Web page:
Ronald Reagan was President when the Steps began, so co-founders Elaina Newport, Bill Strauss and Jim Aidala figured that if entertainers could become politicians, then politicians could become entertainers! Most cast members have worked on Capitol Hill, some for Democrats, some for Republicans, and others for politicians who firmly straddle the fence. No matter who holds office, there’s never a shortage of material. Says Elaina Newport, “Typically, the Republicans goof up, and the Democrats party. Then the Democrats goof up and the Republicans party. That’s what we call a two-party system.”

Although the Capitol Steps are based in Washington, DC most of their shows are out-of-town or for out-of-town audiences. Whether it’s the National Welding Supply Association, a University audience, high schoolers, or State Legislators, people love to laugh at the foibles of Jerry Falwell (“Loonies of the Right”) or even Bill Clinton’s new office (“In the Ghetto”). In fact, the Capitol Steps have performed for the last five presidents (six if you include Hillary). The only complaints the Steps seem to get are from the politicians and personalities who are NOT included in the program!

150th Anniversary Celebration of Mt. Washington Cog Railway

Join us for a celebration of the Mount Washington Cog Railway and its history of 150 years of operations. With special presentations about the railroad history, food, drinks and a fireworks show to WOW, it’s sure to be a celebration for the ages!

This is a special ticketed event. The cost for the event has not been released yet, and tickets will be released on a certain day at a certain time. Please stay tuned to thecog.com and the Mount Washington Cog Railway on Facebook for information about ticket purchases and more. Availability is extremely limited.

The Colonial Theatre Presents: Bombino

For centuries, the desert town of Agadez has served as a converging point for the great camel caravans driven by the Tuareg that link West Africa with North Africa and the Mediterranean. Born in 1980 at a nomadic camp near this dusty outpost, the young guitarist and songwriter Omara “Bombino” Moctar was raised during an era of armed struggles for Tuareg independence and violent suppression by government forces. Bombino’s electrifying jams capture the spirit of resistance and rebellion while echoing with guitar riffs reminiscent of fellow Africans Tinariwen and Ali Farka Touré not to mention rock and blues icons such as Jimi Hendrix, John Lee Hooker and Jimmy Page.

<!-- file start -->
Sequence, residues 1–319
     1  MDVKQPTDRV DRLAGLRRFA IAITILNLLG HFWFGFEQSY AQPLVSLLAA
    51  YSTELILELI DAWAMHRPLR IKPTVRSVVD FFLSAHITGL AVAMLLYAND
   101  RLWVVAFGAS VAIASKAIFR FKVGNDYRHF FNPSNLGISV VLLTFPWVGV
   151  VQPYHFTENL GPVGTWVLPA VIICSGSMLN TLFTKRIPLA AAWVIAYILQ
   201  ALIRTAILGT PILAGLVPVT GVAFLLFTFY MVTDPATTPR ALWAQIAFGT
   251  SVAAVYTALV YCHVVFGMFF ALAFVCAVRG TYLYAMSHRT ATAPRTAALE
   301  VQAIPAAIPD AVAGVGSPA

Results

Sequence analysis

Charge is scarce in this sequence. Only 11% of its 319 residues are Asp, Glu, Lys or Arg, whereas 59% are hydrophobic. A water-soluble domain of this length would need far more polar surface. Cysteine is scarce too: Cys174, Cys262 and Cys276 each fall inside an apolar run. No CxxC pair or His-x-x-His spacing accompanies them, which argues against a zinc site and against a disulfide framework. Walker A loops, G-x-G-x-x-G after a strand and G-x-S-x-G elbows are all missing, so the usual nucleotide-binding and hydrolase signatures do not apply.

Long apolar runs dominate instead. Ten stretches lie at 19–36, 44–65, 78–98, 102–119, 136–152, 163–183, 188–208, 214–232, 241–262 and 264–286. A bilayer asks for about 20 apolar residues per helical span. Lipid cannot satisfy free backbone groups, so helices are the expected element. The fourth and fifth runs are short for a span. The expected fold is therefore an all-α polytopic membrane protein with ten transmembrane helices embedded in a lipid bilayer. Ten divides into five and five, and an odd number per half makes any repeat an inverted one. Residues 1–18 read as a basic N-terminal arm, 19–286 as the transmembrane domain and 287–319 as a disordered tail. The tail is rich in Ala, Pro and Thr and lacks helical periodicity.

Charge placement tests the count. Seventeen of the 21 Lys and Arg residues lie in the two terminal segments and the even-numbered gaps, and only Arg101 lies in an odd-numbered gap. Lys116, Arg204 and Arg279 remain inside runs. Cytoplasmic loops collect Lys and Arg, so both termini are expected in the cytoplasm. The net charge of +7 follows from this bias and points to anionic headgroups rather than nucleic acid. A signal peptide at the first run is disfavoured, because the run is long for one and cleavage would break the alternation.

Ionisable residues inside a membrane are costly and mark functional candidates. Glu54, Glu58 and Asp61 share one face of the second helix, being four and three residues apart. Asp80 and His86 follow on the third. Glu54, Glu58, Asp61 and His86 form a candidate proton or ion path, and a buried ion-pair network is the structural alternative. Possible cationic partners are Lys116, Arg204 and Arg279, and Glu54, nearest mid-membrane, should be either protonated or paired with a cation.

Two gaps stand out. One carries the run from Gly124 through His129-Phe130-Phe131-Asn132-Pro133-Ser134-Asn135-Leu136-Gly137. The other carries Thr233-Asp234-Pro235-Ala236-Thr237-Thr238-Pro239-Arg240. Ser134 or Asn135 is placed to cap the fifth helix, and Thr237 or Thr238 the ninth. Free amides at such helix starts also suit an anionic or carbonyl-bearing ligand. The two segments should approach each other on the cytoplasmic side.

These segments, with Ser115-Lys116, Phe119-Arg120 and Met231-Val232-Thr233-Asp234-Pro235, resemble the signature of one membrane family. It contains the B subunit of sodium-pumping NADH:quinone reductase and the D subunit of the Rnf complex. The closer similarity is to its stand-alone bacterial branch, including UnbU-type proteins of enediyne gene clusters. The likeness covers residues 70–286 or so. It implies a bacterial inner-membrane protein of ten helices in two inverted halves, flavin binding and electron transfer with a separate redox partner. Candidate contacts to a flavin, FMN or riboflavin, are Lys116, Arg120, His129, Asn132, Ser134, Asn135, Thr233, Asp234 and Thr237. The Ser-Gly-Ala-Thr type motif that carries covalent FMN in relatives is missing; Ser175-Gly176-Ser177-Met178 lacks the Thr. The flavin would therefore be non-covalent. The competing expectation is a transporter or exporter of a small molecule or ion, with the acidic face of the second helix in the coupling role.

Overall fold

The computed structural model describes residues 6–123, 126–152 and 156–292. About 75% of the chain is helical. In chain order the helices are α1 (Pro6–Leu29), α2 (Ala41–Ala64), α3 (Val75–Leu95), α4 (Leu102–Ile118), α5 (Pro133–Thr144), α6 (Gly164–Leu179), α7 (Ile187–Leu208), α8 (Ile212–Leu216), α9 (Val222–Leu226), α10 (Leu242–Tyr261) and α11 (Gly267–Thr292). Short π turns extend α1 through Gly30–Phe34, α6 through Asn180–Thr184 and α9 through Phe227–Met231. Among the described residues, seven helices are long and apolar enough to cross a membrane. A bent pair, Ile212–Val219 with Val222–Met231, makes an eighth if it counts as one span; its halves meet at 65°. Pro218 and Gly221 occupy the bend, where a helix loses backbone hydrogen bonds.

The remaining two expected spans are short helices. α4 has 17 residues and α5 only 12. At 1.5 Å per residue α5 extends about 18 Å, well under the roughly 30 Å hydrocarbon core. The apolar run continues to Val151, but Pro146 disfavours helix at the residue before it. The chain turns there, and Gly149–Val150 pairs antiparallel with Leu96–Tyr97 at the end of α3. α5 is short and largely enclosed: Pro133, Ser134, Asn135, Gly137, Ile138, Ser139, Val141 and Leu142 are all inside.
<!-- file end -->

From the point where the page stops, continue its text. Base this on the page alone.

Ghost of Paul Revere & Jason Spooner Band at The Colonial Theatre

“We grew up listening to Radiohead and the Beatles and Led Zeppelin and Pink Floyd,” says Griffin Sherry, guitarist/singer in The Ghost Of Paul Revere. “Everyone assumed we were a bluegrass band because we were playing these traditional instruments, but we weren’t writing traditional music. We were just writing songs with the instruments we had.”

The result is a sound that the Portland, Maine-based band describes as “holler folk,” not because it involves a lot of hollering, per se, but because it invokes the rich communal tradition of field hollers, with their call-and-response melodies, sing-along hooks, and densely layered harmonies. That sense of musical camaraderie is essential to everything The Ghost of Paul Revere does.

“The Monday before Newport we got a message saying to pack our bags and come on down,” remembers Sherry. “We hadn’t played much outside of Maine or started opening for any big acts yet at that point, and it was a hugely inspiring moment.”

Word began to spread about the rowdy pickers from the north. The Boston Globe raved that they “create the type of music for which festivals are made,” while No Depression said they “prove that superior roots music can come from anywhere,” and Dispatch Magazine wrote that they possess not only “the chops, but the heart to reach their audience and leave an undeniable impression.” Hitting listeners straight in the feelings has been the band’s M.O. since its inception in 2011, and they’ve used their powerful stage show to convert the masses at every stop along their long and winding journey, which has included shared stages with artists like The Avett Brothers, The Travelin’ McCourys, Brown Bird, The Revivalists, the Infamous Stringdusters, and more.

The Jason Spooner Band: The ingredients behind northern New England’s Jason Spooner Trio read like a bizarre musical science experiment. Start with a prolific, singer/songwriter (Jason Spooner) with heavy roots, folk & blues influences. Then mix in a classically trained bassist (Adam Frederick) with foundations in jazz and a knack for serious pocket grooves. Lastly, shake things up with a rock-solid drummer (Reed Chambers) with deep-seeded roots in funk, soul & reggae and you’ve begun to scratch the surface of this unique, energetic band.